Seroxat to be restricted over fears of suicide link

The Department of Health is to announce new curbs on use of the antidepressant drug Seroxat, in response to claims that it has pushed some people to suicide and caused withdrawal problems in others.

At a press conference to be chaired today by Professor Alastair Breckenridge, head of the Committee on Safety of Medicines, the department will issue "new prescribing advice" for doctors and patients on the drug.

The move comes after reports that GlaxoSmithKline, the makers of what is Britain's most widely prescribed antidepressant, withheld nine studies showing that it could provoke suicidal tendencies and other symptoms in people under 18 years of age.

The Medicines and Healthcare Products Regulatory Agency (MHRA) is understood to have asked GlaxoSmithKline to contact GPs to warn them of the danger to young people. Although the drug is not licensed for use by those under 18, doctors have discretion to prescribe it on a "named patient" basis to individuals for whom they deem it appropriate.

Seroxat is one of the biggest-selling drugs in the world and was prescribed to 400,000 people in Britain last year. It is one of the class of antidepressants known as selective serotonin re-uptake inhibitors (SSRIs), of which the best-known example is Prozac, though this is less popular than Seroxat.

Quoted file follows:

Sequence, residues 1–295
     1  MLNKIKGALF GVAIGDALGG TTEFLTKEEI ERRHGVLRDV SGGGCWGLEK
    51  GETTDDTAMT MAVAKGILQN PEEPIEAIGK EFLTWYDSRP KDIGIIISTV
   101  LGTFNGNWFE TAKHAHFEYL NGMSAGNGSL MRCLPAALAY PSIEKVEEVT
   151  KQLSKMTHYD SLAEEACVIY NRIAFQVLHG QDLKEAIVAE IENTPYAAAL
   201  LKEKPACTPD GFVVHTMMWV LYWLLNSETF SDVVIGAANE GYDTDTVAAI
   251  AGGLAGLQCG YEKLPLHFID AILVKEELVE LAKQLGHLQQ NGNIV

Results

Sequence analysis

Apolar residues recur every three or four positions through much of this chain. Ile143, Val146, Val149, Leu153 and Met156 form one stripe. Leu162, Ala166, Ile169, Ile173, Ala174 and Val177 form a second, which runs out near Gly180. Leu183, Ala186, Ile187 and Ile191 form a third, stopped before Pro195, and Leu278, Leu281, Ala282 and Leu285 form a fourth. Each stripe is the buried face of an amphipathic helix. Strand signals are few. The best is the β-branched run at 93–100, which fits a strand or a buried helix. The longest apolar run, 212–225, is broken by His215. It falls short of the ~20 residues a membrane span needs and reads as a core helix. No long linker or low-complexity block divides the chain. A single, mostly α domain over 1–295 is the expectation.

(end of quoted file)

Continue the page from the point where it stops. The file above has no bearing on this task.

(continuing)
Seroxat and the other SSRIs were marketed because they were believed to be safer and cause fewer side-effects than older antidepressants. But persistent reports of adverse reactions involving Seroxat culminated in the MHRA setting up an independent expert panel to review its safety.

The move came after a BBC Panorama programme last autumn about problems with the drug provoked 67,000 phone calls and 1,400 e-mails, the largest response in the programme's history.

However, in a move that embarrassed the medicines regulator, the panel appointed last December was disbanded in March after several members were revealed to have links to the drugs industry. A new panel was appointed last month and today's announcement has come surprisingly soon. A Department of Health spokeswoman said it was in response to "early findings".

Reports yesterday said that the discovery of the nine studies withheld by GlaxoSmithKline had led the MHRA to order clinical auditors into the company to demand access to all its files on Seroxat. The Department of Health denied that this was imminent but did not rule it out. "We cannot say what may happen in the future," the spokeswoman said.

The reports quoted a source at the MHRA saying that the decision to send in auditors to the company was "very, very unusual" and that, normally, the agency and the companies had a good relationship.

The expert panel set up by the MHRA is investigating claims that in a small number of cases Seroxat and similar SSRI drugs may have caused people who were not previously suicidal to kill themselves. It is also investigating claims that a larger number of people have had difficulty coming off the drug and have experienced withdrawal symptoms.

The disclosure comes as the company is reeling from adverse publicity over the proposed £22m severance deal for its chief executive, Jean-Pierre Garnier. It has also been embarrassed over the battle with aid agencies and developing nations over the cost of drugs for HIV and other diseases.

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